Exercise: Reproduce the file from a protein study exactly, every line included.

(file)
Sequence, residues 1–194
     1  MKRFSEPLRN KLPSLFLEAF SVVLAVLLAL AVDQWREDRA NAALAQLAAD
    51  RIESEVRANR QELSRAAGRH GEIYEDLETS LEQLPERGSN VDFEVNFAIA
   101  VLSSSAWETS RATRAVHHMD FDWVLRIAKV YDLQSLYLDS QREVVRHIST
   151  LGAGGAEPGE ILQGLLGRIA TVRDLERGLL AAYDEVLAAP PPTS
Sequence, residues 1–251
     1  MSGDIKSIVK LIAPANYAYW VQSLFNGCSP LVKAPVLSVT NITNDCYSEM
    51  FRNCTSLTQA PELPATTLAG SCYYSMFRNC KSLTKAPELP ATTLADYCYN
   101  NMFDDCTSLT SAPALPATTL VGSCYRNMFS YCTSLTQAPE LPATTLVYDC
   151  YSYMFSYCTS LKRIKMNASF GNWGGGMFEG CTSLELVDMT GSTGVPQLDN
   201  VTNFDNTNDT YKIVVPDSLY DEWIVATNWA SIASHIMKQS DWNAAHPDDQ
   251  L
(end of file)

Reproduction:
Sequence, residues 1–194
     1  MKRFSEPLRN KLPSLFLEAF SVVLAVLLAL AVDQWREDRA NAALAQLAAD
    51  RIESEVRANR QELSRAAGRH GEIYEDLETS LEQLPERGSN VDFEVNFAIA
   101  VLSSSAWETS RATRAVHHMD FDWVLRIAKV YDLQSLYLDS QREVVRHIST
   151  LGAGGAEPGE ILQGLLGRIA TVRDLERGLL AAYDEVLAAP PPTS
Sequence, residues 1–251
     1  MSGDIKSIVK LIAPANYAYW VQSLFNGCSP LVKAPVLSVT NITNDCYSEM
    51  FRNCTSLTQA PELPATTLAG SCYYSMFRNC KSLTKAPELP ATTLADYCYN
   101  NMFDDCTSLT SAPALPATTL VGSCYRNMFS YCTSLTQAPE LPATTLVYDC
   151  YSYMFSYCTS LKRIKMNASF GNWGGGMFEG CTSLELVDMT GSTGVPQLDN
   201  VTNFDNTNDT YKIVVPDSLY DEWIVATNWA SIASHIMKQS DWNAAHPDDQ
   251  L